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Smoke alarms “must be fitted in all rented accommodation” mandates Government

29 November 2021

THOSE PEOPLE living in social housing are going to be safer in their homes under new rules that will mean smoke alarms must be fitted within all rented accommodation, Housing Minister Eddie Hughes has announced.

The Government’s announcement, made through the Department for Levelling Up, Housing and Communities, means that housing providers will be required – by law – to install smoke alarms in all social housing, while carbon monoxide alarms must now be fitted inside all social and private rented properties with fixed appliances such as gas boilers or fires.

These new measures are part of social housing reforms initiated by the Conservative Government in a bid to drive up standards. The regulation changes will also require landlords and housing providers in the social and private rented sectors to repair or replace smoke and carbon monoxide alarms once they’re told that they’re faulty.

Social Housing White Paper

The reforms follow a commitment laid down in the Social Housing White Paper published last year. The White Paper sets out proposals for wide-ranging reforms of the social housing sector, with tenants afforded a clear way in which to raise concerns and the regulator provided with stronger powers to take enforcement action.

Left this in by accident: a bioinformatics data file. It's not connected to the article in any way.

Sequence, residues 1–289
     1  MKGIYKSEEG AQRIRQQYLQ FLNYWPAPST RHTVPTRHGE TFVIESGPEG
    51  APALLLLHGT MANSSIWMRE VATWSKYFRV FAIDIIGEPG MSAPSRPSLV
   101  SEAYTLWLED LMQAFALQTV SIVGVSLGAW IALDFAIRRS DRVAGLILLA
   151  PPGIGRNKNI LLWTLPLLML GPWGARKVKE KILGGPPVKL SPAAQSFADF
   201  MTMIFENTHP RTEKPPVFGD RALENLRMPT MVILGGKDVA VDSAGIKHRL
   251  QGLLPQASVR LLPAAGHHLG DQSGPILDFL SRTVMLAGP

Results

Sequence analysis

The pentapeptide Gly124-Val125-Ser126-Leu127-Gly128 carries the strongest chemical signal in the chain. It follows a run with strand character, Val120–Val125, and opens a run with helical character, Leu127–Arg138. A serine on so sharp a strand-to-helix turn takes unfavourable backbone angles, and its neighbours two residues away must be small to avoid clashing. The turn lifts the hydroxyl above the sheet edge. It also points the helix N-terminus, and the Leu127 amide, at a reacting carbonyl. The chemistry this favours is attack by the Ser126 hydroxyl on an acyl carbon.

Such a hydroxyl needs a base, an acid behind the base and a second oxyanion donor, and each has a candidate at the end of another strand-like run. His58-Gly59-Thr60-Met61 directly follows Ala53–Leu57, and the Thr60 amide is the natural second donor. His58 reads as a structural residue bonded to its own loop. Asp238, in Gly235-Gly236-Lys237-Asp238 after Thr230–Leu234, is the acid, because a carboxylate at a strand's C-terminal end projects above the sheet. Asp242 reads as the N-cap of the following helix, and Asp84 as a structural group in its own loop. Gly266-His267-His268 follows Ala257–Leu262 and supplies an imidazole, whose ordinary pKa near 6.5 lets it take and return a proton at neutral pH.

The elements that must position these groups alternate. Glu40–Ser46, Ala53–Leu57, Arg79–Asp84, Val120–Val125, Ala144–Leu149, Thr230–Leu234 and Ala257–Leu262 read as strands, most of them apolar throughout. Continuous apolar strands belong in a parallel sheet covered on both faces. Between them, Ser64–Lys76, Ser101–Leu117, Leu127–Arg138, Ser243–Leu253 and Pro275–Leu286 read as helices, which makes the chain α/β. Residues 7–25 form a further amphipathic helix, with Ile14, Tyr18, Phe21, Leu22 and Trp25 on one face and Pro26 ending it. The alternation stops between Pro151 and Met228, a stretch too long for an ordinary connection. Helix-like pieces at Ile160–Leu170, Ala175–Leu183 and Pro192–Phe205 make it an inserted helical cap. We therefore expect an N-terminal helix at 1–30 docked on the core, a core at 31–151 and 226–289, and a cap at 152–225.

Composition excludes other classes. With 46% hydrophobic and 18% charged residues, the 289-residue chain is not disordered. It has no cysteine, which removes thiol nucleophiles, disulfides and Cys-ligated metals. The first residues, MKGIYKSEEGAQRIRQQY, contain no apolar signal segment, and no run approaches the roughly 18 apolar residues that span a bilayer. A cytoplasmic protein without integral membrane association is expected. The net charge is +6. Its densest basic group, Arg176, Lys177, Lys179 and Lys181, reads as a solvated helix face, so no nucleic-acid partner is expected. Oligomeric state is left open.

The cost of the new requirements to install and maintain alarms will fall to property owners.

Hughes, the Minister for Rough Sleeping and Housing, said: “It is fundamentally right for people to feel safe in their own homes. This is an issue I’ve advocated for many years. Around 20 people are killed each year due to accidental carbon monoxide poisoning, and many more through house fires, but we know that simple interventions can prevent these needless deaths.”

Hughes added: “I’m proud that the new rules being proposed will ensure even more homes are fitted with life-saving alarms. Whether you own your home, are privately renting or in social housing, everyone deserves to feel safe. This is an incredibly important step forward in protecting those at risk.”

Consistency and greater protection

Jim Bywater, domestic detection lead for the National Fire Chiefs Council, explained: “The National Fire Chiefs Council welcomes the changes which we believe will make many more people safer in their homes. We have campaigned for regulations to ensure that, regardless of tenure, homes have adequate life-saving detection systems installed.”

He continued: “The new regulations will contribute to reducing fire and carbon monoxide casualties and fatalities and bring consistency and greater protection to those living in both private and social rented homes.”

The guidance relating to where alarms are fitted and ensuring that alarms meet relevant standards will also be updated.

The reforms follow on from a two-month consultation process. Changes will be brought forward through the Smoke and Carbon Monoxide Alarm (England) Regulations 2015 as well as the statutory guidance (Approved Document J) supporting Part J of the Building Regulations.